He could have done more in the final third thereafter and was guilty of surrendering possession too easily in midfield on one or two occasions, but there were signs of encouragement.
On then to the front three. First, there’s Sadio Mané, who couldn’t really make an impact in the final third but did still come up with a vital contribution – a weighty challenge on the edge of his own box which set the counterattack leading to Salah’s goal in motion.
As ever, Roberto Firmino’s efforts went well beyond that of a conventional forward. Two clearing headers from dangerous Southampton set-pieces epitomised his endeavour. At the other end, his assist for the points-sealing third was excellent – a neat turn followed by a pass that was on a plate for the arriving Henderson.
Firmino hadn’t had the best first half, but his efforts in the closing stages will likely mean this is remembered as a vintage performance.
Salah too struggled for large parts of the game, with the big Saints defenders capitalising on some poor touches and wrestling him off the ball.
His team needed inspiration, but he went one better: he came up with some magic. Supporters the world over were screaming for him to release Firmino as he hurtled towards goal, but the thought didn’t even cross his mind. He evaded the challenges, picked his spot and dispatched the ball into the far corner with fatal aplomb.
It will be a huge not just for his confidence – he can now relax after looking so desperate to put his drought to bed – but, potentially, for Liverpool’s title ambitions. This was a classic case of a top player producing a moment of quality to save his side.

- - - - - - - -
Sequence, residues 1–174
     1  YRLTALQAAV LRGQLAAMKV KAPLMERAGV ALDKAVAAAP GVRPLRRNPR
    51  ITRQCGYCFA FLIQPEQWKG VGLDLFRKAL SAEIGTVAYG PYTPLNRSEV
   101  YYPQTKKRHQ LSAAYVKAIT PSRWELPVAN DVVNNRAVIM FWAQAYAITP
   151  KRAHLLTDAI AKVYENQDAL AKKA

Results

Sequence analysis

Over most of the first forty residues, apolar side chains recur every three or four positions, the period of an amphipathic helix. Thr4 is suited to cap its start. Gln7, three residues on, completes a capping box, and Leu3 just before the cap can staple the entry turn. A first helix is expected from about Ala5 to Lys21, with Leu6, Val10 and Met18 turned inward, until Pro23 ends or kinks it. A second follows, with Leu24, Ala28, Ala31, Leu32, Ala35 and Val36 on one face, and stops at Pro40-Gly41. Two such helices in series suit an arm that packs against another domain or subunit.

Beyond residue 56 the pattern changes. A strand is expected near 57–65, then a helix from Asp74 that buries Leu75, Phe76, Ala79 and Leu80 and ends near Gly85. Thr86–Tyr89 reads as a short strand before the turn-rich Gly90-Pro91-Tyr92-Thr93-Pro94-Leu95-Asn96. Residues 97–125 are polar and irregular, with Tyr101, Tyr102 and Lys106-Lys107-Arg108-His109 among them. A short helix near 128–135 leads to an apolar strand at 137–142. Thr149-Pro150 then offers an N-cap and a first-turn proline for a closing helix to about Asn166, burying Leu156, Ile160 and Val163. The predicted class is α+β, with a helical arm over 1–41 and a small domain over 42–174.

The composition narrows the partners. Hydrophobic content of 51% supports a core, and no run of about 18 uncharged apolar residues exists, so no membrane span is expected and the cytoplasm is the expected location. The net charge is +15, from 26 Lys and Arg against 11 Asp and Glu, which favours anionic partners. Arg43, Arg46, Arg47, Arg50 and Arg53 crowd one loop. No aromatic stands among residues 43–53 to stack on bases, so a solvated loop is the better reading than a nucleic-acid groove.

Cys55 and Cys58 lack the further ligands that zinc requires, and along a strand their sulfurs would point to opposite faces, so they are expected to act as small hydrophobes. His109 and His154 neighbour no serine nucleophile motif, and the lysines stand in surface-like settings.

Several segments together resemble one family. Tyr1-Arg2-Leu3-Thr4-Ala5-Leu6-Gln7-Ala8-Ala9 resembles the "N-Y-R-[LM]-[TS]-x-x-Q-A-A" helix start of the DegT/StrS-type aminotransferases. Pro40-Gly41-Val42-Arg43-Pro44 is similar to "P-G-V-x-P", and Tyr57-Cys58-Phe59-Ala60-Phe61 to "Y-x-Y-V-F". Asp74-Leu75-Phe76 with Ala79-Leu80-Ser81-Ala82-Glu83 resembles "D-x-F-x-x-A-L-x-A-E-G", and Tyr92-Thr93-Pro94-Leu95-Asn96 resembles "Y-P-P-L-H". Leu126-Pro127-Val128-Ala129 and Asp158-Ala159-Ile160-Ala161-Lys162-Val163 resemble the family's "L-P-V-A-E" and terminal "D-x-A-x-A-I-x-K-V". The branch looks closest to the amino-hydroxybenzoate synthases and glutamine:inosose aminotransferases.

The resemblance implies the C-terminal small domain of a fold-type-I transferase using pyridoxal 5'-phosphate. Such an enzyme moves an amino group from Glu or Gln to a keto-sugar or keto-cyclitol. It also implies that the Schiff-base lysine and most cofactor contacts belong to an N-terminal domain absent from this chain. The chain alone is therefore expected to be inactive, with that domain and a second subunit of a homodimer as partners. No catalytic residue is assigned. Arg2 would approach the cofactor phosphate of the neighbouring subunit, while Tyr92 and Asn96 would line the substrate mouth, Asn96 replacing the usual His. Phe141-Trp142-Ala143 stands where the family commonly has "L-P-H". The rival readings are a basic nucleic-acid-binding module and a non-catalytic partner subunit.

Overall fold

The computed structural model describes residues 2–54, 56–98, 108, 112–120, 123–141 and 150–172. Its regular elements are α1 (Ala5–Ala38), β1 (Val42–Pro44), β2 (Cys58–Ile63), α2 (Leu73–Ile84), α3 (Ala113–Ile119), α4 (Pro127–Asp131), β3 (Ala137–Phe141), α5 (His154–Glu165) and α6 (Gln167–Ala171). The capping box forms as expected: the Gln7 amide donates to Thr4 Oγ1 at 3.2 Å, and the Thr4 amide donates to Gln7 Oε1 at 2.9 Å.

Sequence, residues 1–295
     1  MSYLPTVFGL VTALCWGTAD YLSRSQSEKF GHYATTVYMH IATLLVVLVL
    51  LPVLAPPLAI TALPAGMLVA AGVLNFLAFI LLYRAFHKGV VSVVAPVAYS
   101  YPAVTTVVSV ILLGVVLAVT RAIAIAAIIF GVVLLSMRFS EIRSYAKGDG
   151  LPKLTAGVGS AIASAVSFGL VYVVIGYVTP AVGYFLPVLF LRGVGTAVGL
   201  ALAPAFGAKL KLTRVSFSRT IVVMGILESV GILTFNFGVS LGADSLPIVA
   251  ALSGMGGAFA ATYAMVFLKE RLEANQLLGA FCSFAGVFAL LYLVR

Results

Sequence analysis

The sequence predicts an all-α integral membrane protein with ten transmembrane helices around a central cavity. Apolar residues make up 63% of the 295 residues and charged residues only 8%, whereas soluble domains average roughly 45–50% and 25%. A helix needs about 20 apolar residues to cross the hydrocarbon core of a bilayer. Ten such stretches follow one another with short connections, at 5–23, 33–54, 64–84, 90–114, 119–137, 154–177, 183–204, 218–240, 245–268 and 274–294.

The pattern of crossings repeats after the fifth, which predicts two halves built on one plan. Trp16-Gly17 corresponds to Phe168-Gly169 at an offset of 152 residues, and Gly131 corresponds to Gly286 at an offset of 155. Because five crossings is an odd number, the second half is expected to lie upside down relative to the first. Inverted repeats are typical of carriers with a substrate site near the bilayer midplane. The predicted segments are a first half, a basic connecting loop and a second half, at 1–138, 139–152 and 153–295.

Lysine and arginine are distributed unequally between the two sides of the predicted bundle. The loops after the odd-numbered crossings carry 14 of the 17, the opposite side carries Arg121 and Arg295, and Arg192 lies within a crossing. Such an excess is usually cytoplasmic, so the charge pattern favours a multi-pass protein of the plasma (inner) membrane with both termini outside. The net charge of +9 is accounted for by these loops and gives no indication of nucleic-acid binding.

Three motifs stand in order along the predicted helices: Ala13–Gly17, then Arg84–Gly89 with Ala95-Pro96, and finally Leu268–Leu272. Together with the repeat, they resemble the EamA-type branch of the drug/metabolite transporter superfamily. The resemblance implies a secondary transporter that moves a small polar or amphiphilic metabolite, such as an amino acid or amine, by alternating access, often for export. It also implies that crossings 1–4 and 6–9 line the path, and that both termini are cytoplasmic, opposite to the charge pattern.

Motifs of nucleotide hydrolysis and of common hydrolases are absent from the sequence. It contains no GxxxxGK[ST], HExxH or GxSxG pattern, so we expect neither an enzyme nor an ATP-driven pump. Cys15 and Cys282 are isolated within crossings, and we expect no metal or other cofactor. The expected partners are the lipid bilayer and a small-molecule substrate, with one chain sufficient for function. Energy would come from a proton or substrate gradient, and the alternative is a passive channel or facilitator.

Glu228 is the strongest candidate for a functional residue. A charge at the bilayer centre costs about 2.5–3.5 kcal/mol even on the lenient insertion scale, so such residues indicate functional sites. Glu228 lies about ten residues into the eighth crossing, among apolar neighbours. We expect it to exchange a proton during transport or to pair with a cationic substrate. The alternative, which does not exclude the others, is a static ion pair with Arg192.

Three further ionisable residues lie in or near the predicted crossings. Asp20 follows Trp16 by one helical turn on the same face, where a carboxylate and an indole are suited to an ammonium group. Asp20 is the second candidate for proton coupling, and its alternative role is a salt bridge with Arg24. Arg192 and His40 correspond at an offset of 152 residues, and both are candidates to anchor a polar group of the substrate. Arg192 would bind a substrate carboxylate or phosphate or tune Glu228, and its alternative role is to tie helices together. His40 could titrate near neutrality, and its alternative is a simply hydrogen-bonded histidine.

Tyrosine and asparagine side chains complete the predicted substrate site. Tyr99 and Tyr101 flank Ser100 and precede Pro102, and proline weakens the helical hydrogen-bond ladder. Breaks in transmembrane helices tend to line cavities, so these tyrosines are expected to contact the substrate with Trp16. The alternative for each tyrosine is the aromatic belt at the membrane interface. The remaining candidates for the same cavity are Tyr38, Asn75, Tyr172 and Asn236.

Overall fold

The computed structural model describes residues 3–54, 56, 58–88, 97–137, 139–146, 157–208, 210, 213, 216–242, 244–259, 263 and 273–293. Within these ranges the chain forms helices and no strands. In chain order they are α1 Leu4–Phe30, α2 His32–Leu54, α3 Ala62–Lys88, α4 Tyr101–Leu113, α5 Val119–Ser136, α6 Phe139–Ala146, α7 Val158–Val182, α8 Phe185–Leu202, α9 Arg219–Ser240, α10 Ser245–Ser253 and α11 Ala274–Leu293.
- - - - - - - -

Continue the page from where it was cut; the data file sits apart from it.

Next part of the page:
But, somehow, the man of the match goes to Jordan Henderson after scarcely half an hour on the pitch.
Henderson was marked out here by his burning desire. Liverpool didn’t look like a team desperate for glory until he charged onto the pitch and into challenges in an almost frenzied state.
After his introduction, Liverpool won control of the midfield and, from there, their quality made the difference. The pattern of the game changed, as did its atmosphere. Jurgen Klopp’s players had never really looked panicked, but noticeably after the hour mark, they were imbued with a fresh determination.
And that’s really what Henderson’s performance was all about. He didn’t single-handedly win the game by any means, but he set a tigerish example for his team-mates to follow.
Consider that alongside the glorious passion he showcased when celebrating a well-taken goal, and he looked every inch a skipper.
Where, then, does this leave the Englishman for the remainder of the season? Henderson had something to prove when he came on and successfully demonstrated to the manager that he is worthy of an integral role in the run-in. Only fitness-induced rotation will keep him out of this Liverpool team now.
At St Mary’s, he had the air of a man who knows what winning this title would mean to supporters and also knows that leading the team to it could be the defining moment of his career.